The power of elections

February 2, 2006

Found this great article on the elections in South America. I don’t want to post the whole thing, and its all worth a read. But here are some tidbits:

As he stood among the admiring hordes at this shrine to pre-Incan civilization, his hat tugged down to his eyes, the old man appeared to have been drawn to this Andean summit for his last gasps on this Earth.

But one topic animated his hooded eyes, despite the 3,840-metre altitude and suddenly punishing sun.

“They have taken our resources and given them away to the evil rats,” he said. “They have stolen our riches and given them to the United States.

“These riches are here for us. We need them in Bolivia for the poor.”

Luis Atarapi Aiphana has lived through Bolivia’s military coups, corruption, the “Black February” of 2003 when 34 died in street confrontations, the ever-changing governments. And now he has made the long trek to Tiwanaku to witness a rare spectacle — a ceremony in which incoming Bolivian President Evo Morales is stressing hope, respect and, most of all, change.

Such rituals of transition are happening across South America.

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As North America has focused on wars and occupation in Iraq and Afghanistan, and the unfolding drama in the Middle East, a revolution has occurred under its nose.

This Latin American revolution has been waged with ballots, not blood, but that does not lessen the sting of its repudiation of made-in-Washington policies, including the so-called “neo-liberal” agenda of free trade and fiscal policy in the region, and the unilateralism of the Bush administration.

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One Washington-based diplomat called this year the “perfect storm” in Latin America, with no fewer than 10 presidential elections scheduled.

“This next year will shape the region as a whole over the next six years,” the diplomat said.

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Larry Birns, director of the Washington-based Council on Hemispheric Affairs, says Latin America is in the first 10 miles of a 1,000-mile journey but the region is beginning to talk “about the unthinkable.”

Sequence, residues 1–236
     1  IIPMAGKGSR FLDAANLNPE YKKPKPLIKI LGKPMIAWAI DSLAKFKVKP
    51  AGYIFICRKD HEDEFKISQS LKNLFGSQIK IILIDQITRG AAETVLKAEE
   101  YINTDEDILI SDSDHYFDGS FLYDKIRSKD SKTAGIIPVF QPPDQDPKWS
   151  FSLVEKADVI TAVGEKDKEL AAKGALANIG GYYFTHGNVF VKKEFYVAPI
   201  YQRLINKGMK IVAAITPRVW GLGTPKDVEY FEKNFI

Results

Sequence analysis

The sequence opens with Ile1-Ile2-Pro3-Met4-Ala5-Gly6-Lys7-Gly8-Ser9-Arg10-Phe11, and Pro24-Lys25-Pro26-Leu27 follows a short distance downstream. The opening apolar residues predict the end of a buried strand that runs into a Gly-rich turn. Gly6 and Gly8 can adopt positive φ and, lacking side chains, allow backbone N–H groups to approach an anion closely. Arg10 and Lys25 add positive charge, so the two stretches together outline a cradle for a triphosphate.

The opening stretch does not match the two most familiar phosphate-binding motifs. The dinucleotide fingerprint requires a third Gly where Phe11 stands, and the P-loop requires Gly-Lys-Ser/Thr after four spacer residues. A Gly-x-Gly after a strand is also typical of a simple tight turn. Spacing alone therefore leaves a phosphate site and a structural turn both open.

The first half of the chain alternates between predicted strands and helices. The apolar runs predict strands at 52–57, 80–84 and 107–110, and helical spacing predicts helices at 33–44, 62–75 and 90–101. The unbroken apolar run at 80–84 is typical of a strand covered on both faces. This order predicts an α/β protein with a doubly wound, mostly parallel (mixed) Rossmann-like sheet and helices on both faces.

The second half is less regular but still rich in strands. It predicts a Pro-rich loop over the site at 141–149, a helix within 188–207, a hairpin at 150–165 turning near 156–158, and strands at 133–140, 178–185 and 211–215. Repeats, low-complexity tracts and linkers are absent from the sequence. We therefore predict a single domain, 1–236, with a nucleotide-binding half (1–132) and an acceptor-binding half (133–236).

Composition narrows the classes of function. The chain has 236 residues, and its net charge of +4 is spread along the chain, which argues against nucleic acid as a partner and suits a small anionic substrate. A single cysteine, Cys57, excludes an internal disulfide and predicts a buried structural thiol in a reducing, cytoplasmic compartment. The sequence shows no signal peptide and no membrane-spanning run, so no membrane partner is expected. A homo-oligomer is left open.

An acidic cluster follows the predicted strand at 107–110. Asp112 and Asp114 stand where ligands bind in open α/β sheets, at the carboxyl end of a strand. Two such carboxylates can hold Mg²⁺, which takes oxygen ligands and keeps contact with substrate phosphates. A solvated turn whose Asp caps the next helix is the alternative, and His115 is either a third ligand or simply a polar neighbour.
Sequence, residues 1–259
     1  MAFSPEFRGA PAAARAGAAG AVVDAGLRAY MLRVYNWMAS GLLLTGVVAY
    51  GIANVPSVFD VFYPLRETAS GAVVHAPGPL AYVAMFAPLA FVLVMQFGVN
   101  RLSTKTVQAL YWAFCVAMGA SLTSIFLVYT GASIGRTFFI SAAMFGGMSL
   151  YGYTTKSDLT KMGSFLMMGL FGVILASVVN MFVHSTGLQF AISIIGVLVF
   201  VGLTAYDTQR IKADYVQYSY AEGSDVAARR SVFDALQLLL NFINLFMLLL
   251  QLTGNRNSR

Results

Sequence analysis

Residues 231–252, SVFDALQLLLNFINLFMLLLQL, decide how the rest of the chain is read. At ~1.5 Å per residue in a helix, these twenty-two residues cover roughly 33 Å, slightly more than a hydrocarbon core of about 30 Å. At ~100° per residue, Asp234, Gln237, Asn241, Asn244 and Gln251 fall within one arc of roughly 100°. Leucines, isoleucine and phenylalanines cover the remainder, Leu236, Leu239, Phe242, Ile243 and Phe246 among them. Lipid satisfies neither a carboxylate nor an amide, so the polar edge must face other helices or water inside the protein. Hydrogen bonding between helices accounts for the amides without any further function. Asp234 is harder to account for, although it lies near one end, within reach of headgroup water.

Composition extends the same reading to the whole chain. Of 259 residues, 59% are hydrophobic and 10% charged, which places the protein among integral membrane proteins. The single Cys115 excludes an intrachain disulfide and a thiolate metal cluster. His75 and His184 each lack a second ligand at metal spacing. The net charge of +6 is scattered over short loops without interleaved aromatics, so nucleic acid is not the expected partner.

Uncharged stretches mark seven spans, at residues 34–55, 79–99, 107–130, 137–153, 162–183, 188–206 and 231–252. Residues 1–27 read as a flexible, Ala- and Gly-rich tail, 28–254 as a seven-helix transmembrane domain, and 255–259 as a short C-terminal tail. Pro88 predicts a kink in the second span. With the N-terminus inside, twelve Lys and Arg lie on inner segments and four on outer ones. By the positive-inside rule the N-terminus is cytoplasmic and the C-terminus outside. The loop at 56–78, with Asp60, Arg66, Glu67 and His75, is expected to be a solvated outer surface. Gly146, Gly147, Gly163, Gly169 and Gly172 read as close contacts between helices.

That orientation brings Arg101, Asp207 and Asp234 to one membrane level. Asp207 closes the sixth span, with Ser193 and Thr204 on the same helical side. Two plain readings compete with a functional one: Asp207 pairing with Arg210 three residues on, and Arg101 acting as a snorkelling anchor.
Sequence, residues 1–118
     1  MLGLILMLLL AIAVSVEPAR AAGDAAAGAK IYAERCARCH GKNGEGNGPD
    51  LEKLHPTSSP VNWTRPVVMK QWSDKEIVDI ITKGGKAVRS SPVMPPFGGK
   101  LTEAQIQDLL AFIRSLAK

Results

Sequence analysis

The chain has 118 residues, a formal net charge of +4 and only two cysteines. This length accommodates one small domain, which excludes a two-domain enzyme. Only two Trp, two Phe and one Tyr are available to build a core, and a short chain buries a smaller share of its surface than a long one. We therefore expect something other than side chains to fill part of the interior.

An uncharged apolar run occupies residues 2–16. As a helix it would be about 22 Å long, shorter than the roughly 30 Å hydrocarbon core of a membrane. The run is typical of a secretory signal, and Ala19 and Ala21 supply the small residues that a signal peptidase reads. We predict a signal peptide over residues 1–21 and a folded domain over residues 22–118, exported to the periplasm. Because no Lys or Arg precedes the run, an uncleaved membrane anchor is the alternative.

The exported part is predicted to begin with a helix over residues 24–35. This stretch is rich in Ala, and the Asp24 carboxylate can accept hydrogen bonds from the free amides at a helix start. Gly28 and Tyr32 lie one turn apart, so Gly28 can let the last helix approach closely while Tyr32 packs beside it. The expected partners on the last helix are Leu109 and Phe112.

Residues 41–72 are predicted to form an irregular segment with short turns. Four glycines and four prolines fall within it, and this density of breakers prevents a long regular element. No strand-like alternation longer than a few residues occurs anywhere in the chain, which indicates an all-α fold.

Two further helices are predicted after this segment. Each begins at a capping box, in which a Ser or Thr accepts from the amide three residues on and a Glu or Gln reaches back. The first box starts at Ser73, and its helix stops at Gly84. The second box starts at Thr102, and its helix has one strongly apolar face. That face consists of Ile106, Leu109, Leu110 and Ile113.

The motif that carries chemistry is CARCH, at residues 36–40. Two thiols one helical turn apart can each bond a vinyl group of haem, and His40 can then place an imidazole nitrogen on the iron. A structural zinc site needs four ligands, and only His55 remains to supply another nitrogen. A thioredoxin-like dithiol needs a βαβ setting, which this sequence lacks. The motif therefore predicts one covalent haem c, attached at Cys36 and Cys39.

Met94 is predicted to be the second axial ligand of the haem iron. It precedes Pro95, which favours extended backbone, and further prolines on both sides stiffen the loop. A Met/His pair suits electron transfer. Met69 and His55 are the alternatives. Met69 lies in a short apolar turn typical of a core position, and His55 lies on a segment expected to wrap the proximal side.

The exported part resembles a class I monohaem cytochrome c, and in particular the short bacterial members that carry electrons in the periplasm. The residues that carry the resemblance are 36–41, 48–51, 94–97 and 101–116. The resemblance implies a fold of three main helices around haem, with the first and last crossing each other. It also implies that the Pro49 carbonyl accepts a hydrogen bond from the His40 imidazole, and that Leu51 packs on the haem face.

“It has broken out of the ghetto of being alone in the hemisphere … They are now global nations. It means that Washington has less of that mantle of tyranny of geography. This could conceivably mushroom into a historic transformation in the region.”

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“You see those 20-year-olds running around denouncing the Americans and you realize that it is passed on down from generation to generation.”

And anti-American rhetoric plays so well in 2006 because of the spate of elections against a backdrop of Republican neglect of the region.

For the first time, Washington could not install its choice as head of the Organization of American States — then failed in its bid to promote its second choice. But there were signs of waning influence in 2003, at the OAS general assembly in Chile, when for the first time the U.S. was not elected to the body’s human rights commission.

Go read the whole article. I find what is going on to our south fascinating. While the US media focuses on the Middle East, a revolution is happening and no one in this country seems to be paying attention. This is the real spread of democracy and it is happening without, and against, the US. No wonder Bush failed to even mention South America in the SOTU speech. He can’t claim any of this as his doing, so its not worth mentioning.

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